Liverpool Empire, 7 August 2017
Perhaps to make up for the disappointment of Hope and Glory – the Liverpool festival marred by, and eventually cancelled due to, poor planning, over ticketing and mismanagement – the city was graced with the brilliant Regina Spektor who tore up the Liverpool Empire with musical energy and charisma.
Regina Spektor has been in the game for a while, rising to fame in the early 2000s as a fresh, creative songstress and gifted pianist with a quirky edge that brought a new-found youthfulness to the scene. Regina returned in 2016 with new material in the form of album Remember Us To Life, her first album since 2012’s What We Saw From The Cheap Seats.
Playing a mixture of new songs and fan favourites, Spektor commanded the stage on her grand piano under spotlight whilst backed by her drummer, double bass and backup keyboardist. A remarkable backdrop lightshow ensued behind, altering in colour, intensity and direction at each song change to bring a dynamic, dramatic effect to the performance.
Spektor kept the mood light and playful with funny interactions, anecdotes and stories between songs. She got up to play electric guitar for some of her more classic, quirky tracks, such as That Time, and took to the keyboard for Dance Anthem of the 80s to balance out her more classical compositions like Better and Us.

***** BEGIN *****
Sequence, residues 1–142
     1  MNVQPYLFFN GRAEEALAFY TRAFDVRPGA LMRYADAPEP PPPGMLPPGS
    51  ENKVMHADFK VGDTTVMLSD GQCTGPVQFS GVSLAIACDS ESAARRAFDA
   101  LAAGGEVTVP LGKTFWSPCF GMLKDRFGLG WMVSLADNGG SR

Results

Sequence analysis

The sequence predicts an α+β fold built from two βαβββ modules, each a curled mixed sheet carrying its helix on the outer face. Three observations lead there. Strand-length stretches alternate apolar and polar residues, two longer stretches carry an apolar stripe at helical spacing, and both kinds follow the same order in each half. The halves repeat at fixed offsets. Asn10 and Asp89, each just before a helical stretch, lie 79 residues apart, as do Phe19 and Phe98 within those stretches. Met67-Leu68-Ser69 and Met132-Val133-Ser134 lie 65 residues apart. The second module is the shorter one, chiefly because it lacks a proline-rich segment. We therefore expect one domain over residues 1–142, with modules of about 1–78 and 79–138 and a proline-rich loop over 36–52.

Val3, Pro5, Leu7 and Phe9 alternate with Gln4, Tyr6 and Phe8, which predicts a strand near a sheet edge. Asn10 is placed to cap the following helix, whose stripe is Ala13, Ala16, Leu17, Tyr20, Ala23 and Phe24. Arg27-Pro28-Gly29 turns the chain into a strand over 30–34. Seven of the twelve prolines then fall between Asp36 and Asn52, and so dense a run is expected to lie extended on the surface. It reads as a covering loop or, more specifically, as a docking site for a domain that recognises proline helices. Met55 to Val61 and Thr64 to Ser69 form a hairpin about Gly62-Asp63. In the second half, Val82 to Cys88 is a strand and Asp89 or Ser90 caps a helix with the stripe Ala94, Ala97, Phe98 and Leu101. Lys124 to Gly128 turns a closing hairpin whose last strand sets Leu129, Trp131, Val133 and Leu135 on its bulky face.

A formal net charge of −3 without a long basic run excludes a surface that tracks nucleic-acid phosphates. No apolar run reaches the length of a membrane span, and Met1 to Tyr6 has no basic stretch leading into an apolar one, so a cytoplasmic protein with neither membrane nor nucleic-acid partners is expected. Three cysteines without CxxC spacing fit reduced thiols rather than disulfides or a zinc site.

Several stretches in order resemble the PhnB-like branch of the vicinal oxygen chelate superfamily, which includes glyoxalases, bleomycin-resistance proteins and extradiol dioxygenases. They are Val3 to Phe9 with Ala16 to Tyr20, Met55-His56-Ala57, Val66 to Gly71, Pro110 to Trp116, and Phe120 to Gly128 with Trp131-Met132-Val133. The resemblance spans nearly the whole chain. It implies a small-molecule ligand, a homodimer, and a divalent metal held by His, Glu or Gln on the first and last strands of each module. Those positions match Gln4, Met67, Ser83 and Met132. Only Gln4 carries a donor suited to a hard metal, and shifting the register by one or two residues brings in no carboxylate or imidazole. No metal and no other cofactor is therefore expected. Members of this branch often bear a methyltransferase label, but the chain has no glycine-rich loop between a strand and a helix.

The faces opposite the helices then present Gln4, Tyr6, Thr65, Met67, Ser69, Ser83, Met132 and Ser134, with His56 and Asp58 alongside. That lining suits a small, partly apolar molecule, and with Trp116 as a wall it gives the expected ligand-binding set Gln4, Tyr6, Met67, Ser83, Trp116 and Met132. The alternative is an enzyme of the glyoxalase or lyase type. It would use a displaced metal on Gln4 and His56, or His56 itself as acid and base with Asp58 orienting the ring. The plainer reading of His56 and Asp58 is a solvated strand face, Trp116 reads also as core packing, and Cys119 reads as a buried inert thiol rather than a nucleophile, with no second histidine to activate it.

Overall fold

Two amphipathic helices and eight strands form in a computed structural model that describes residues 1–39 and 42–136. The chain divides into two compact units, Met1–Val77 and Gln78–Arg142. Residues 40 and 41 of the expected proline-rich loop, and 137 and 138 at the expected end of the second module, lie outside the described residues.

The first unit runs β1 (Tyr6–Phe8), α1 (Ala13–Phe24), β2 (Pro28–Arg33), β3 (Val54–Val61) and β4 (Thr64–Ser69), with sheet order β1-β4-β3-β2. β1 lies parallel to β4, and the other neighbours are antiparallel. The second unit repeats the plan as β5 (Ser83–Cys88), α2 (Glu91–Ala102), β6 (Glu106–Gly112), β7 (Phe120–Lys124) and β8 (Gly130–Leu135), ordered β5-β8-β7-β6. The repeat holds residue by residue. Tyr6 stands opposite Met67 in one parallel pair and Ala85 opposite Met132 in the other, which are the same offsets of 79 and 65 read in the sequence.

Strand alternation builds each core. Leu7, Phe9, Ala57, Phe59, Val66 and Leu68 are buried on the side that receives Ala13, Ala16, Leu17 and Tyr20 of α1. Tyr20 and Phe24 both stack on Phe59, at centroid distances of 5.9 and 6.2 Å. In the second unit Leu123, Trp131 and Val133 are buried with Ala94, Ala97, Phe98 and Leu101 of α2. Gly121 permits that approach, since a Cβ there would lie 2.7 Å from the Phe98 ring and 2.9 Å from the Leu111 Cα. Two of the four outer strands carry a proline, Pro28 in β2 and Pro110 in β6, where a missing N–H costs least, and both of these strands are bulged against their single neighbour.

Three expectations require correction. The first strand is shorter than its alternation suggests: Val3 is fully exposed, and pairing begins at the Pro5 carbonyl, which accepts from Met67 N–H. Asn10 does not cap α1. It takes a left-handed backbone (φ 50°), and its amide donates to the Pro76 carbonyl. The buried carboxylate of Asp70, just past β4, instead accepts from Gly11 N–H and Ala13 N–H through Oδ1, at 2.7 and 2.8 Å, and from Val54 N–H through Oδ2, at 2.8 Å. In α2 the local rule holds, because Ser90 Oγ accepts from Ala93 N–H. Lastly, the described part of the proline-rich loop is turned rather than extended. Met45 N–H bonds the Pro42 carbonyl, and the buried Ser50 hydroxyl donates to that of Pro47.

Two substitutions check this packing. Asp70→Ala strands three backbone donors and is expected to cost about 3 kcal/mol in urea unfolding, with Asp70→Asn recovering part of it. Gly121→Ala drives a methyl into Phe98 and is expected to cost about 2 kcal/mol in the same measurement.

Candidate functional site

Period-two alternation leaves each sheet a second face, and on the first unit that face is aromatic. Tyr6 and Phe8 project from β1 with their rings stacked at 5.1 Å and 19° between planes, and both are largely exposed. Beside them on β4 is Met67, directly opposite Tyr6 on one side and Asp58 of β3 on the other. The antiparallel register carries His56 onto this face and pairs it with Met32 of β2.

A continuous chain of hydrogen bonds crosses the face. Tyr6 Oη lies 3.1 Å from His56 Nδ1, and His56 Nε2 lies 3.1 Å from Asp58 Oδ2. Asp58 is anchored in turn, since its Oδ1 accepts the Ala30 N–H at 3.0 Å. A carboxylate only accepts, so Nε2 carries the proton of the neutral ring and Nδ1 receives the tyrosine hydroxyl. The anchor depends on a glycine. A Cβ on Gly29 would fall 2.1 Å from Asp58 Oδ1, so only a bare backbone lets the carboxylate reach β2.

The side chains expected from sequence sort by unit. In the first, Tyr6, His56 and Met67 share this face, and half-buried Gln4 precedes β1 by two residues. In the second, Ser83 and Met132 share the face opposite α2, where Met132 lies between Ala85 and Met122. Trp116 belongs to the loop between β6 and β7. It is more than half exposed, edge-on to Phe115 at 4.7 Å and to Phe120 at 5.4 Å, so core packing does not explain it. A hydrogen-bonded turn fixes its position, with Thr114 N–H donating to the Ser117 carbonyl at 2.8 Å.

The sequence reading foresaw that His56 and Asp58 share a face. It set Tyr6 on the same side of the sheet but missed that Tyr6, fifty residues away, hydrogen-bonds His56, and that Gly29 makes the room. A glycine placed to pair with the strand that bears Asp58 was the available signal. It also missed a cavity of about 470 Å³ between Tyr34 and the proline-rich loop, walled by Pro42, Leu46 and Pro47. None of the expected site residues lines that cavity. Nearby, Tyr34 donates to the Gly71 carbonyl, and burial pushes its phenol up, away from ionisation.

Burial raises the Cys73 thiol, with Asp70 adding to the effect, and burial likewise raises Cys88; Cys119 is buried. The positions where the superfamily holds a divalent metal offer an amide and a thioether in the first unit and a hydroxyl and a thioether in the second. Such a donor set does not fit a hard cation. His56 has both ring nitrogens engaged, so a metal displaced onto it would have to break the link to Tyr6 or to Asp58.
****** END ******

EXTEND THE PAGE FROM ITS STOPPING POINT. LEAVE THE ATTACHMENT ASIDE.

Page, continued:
To make the night extra special, and to show her love for Liverpool and all things Beatles (Spektor has admitted she was singing The Beatles’ music before she even learnt English properly), Spektor played a soulful rendition of George Harrison’s While My Guitar Gently Weeps, a song which understandably had the audience cheering louder still.
Spektor played an impressive 26 songs in total, including Ballad of a Politician from her 2012 album. Such a song feels more apt than ever when juxtaposed with modern America and Trump. Spektor played from her latest album; Grand Hotel, Small Bill$ and The Light stuck out as her more impressive pieces heard live, while You’ve Got Time (her piece written for globally-recognised TV show Orange Is The New Black) also made a well-received appearance.
Later followed the poignant Blue Lips, from 2009’s Far, and Us and Sailor Song, both from 2004’s Soviet Kitsch – the now-famous line “Cos Mary Ann’s a bitch” had everyone singing along and laughing out loud. Towards the end, Spektor gave an emotional and powerful performance of Apres Moi before belting out her classic Better.
Tonight’s performance showed that Regina Spektor’s music has aged well. As relevant as ever, her songs speak about universal issues that persist in our world, those of the individual, our culture and global society.
Artist: Regina Spektor